We’ve all heard of the “nature vs. nurture debate.” This refers to the extent to which attributes such as health, intelligence or artistic ability are governed by inherent and immutable properties of our being, as opposed to the external factors that influenced our development.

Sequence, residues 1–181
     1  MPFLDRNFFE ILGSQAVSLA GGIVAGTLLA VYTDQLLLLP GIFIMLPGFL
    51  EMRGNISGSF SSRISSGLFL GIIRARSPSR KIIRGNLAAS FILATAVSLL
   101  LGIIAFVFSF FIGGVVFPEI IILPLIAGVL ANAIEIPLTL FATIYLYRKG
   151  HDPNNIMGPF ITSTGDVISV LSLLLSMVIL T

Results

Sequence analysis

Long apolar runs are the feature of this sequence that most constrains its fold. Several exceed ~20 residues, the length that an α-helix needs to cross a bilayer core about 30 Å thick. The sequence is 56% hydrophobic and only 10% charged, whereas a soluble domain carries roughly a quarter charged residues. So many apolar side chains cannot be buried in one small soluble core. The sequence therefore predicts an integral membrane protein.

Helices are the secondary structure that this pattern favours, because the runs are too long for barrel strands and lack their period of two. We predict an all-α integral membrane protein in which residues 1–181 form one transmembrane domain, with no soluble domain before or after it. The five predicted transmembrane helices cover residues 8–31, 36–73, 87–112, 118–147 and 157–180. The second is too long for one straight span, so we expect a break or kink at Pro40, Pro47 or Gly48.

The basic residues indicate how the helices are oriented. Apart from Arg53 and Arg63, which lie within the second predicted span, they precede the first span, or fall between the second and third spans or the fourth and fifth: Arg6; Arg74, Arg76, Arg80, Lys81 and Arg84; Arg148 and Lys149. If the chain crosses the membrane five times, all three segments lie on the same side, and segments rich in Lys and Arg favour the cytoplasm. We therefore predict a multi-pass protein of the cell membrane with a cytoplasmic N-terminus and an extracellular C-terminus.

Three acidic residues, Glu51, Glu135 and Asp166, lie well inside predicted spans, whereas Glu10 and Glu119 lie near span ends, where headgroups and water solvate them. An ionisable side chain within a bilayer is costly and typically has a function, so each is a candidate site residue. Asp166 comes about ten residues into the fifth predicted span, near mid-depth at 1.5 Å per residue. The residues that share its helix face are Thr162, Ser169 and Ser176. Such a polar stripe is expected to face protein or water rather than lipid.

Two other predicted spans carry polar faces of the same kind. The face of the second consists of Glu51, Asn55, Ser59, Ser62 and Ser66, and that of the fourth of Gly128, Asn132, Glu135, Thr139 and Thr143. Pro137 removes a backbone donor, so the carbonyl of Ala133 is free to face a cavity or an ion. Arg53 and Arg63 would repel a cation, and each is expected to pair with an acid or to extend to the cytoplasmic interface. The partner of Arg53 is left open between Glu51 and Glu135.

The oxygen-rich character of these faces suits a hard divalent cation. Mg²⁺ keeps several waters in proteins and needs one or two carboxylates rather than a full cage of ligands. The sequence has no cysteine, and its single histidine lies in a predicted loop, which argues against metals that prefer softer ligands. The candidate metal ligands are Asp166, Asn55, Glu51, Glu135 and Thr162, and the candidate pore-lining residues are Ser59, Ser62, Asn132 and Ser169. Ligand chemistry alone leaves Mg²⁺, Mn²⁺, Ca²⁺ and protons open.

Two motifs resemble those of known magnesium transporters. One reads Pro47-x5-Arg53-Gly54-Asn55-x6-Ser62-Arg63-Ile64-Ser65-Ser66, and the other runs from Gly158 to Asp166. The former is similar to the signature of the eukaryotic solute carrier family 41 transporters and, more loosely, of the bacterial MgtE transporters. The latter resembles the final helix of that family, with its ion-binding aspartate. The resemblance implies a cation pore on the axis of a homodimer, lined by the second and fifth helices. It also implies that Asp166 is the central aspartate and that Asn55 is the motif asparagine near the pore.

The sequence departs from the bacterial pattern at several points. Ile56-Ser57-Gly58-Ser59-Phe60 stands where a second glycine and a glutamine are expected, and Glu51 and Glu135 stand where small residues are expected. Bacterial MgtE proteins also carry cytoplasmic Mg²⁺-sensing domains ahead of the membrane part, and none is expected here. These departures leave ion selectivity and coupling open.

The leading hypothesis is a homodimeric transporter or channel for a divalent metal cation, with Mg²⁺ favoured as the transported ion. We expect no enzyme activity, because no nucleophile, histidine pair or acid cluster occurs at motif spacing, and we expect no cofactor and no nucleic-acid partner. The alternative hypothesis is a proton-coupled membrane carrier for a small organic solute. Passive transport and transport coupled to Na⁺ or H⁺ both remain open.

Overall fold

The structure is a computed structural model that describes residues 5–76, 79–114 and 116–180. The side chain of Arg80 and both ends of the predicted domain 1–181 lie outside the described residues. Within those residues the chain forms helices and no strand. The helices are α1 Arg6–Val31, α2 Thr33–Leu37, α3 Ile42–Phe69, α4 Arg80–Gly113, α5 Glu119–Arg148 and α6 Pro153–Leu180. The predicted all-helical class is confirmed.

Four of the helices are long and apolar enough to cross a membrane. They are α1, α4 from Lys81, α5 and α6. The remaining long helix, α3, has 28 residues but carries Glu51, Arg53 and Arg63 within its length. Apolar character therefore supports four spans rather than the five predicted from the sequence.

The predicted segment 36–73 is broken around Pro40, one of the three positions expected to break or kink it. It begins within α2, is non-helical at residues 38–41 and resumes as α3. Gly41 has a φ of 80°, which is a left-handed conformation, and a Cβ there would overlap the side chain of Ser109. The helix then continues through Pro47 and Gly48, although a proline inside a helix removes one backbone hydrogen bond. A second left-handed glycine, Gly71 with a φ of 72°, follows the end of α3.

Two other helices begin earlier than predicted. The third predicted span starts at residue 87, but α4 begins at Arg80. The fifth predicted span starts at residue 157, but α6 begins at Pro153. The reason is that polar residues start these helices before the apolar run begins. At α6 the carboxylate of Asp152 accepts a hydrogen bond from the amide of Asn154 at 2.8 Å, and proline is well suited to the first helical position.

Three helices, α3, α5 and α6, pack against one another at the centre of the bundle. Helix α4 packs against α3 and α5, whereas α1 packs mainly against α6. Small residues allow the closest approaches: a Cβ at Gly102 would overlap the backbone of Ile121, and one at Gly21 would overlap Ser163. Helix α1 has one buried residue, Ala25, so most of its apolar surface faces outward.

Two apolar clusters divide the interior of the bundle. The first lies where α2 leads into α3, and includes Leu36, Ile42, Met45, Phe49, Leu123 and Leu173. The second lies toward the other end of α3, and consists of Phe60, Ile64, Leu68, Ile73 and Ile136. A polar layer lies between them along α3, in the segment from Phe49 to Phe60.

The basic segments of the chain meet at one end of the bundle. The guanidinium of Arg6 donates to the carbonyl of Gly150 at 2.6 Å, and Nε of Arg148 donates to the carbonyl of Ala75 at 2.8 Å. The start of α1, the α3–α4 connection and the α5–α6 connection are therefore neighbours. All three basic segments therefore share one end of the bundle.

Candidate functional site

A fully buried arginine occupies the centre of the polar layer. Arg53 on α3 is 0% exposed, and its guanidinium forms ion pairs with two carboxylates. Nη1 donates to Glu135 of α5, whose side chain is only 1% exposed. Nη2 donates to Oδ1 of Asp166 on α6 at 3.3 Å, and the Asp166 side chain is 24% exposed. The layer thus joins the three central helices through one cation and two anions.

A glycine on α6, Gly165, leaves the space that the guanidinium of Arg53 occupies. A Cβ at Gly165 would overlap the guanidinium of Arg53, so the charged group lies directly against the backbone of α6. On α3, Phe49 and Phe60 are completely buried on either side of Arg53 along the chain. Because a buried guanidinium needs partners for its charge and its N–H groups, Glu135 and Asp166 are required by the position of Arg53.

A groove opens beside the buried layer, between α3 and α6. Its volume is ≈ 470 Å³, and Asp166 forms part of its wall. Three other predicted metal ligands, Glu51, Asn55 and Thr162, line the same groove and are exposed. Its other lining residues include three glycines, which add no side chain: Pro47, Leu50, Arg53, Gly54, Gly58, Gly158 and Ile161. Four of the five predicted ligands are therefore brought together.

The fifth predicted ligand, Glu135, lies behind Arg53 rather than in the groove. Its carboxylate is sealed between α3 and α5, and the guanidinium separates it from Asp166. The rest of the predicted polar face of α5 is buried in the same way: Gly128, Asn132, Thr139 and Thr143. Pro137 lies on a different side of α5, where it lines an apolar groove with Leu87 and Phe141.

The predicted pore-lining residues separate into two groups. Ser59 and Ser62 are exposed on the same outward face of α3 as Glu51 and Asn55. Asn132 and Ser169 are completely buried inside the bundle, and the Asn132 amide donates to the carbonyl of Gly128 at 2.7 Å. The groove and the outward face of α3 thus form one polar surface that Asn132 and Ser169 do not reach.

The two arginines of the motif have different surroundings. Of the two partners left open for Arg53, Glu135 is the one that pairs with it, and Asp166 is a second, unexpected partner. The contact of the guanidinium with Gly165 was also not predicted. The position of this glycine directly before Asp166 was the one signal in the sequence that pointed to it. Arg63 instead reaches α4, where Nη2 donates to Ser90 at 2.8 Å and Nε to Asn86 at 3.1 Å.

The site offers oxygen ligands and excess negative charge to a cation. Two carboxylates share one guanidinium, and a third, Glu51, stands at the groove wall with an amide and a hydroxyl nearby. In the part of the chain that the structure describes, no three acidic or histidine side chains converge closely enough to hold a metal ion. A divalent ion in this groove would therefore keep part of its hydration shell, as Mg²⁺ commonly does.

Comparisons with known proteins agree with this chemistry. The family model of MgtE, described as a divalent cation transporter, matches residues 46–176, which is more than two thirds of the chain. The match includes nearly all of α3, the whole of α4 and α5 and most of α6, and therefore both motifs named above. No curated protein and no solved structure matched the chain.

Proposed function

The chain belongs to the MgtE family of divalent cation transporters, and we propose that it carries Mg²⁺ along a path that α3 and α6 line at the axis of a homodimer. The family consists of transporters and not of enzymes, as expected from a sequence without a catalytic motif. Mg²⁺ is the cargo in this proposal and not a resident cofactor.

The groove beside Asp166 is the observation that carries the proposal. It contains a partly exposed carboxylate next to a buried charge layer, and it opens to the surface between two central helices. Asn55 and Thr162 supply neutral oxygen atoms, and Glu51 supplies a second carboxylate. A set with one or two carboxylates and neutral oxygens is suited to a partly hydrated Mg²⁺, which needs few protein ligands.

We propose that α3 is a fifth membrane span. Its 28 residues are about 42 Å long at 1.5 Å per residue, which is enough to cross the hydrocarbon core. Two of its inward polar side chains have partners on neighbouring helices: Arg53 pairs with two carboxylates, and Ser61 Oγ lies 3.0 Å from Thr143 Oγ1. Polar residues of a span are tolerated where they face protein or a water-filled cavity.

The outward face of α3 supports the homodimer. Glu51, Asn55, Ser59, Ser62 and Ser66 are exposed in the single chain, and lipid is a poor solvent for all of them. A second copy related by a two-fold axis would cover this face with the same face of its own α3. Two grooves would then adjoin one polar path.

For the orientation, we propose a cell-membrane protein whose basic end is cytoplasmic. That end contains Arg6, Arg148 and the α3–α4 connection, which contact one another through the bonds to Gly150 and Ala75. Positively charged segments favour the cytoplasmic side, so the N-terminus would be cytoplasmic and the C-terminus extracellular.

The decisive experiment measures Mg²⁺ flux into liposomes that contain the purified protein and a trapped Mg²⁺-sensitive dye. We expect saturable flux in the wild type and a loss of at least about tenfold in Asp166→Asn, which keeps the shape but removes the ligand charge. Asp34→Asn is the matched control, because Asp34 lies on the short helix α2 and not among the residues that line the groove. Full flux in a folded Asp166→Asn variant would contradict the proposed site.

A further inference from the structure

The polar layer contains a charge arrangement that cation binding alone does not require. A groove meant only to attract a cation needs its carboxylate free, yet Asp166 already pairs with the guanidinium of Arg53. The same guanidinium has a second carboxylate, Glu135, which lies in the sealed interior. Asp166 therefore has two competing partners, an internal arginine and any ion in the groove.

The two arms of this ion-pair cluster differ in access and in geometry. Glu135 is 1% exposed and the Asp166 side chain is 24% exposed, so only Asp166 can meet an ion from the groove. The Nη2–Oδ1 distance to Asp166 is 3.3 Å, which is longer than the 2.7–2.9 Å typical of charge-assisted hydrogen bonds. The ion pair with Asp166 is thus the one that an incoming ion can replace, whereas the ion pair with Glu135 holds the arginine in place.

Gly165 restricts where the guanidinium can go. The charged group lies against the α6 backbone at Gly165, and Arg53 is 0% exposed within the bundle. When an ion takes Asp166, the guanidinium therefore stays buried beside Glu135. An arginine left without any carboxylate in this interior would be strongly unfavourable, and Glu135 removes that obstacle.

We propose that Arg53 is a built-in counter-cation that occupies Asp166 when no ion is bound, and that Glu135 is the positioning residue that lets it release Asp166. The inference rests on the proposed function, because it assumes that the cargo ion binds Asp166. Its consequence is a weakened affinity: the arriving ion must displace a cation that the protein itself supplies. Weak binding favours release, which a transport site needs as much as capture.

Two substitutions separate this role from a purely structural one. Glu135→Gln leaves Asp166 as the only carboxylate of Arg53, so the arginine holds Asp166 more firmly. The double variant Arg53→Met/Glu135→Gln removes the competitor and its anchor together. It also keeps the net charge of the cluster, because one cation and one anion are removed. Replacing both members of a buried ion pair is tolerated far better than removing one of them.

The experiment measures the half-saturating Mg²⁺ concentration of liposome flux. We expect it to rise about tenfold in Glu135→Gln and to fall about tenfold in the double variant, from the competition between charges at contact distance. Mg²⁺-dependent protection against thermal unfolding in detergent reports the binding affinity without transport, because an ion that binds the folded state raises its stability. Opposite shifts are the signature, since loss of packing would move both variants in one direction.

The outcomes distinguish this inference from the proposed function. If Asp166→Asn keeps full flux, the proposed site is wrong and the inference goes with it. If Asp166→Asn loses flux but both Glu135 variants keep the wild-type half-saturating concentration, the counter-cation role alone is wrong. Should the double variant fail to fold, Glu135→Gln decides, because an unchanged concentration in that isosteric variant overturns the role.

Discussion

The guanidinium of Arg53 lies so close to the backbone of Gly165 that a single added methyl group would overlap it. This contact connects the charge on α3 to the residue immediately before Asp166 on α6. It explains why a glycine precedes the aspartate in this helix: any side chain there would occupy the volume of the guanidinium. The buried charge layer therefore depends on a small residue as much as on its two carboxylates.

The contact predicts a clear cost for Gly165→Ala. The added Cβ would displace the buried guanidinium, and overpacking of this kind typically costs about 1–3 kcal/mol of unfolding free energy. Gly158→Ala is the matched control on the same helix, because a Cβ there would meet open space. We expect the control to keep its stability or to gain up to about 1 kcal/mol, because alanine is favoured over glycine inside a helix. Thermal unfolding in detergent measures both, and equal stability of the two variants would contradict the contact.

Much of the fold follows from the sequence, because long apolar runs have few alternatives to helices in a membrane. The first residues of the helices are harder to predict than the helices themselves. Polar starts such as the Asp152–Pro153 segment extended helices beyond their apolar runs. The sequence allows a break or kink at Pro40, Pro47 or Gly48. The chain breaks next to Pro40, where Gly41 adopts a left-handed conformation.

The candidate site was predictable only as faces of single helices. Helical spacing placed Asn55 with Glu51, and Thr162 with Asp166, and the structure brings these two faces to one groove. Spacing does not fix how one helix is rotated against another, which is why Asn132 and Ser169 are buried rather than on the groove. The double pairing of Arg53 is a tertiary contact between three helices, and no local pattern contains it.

The growing field of “gene-environment interactions” is, in a sense, a more recent variant on this old idea. Applied particularly to the area of human health, this field explores the ways that our genetic make-up influences our response to external health threats. Each of us will respond differently to health risks (e.g., infectious agents, cigarette smoke) based on our genetic make-up. Equally interesting, though, is the extent to which over time, the genetic make up of human populations changes as a result of natural selection of individuals whose genes confer a measure of protection from health risks.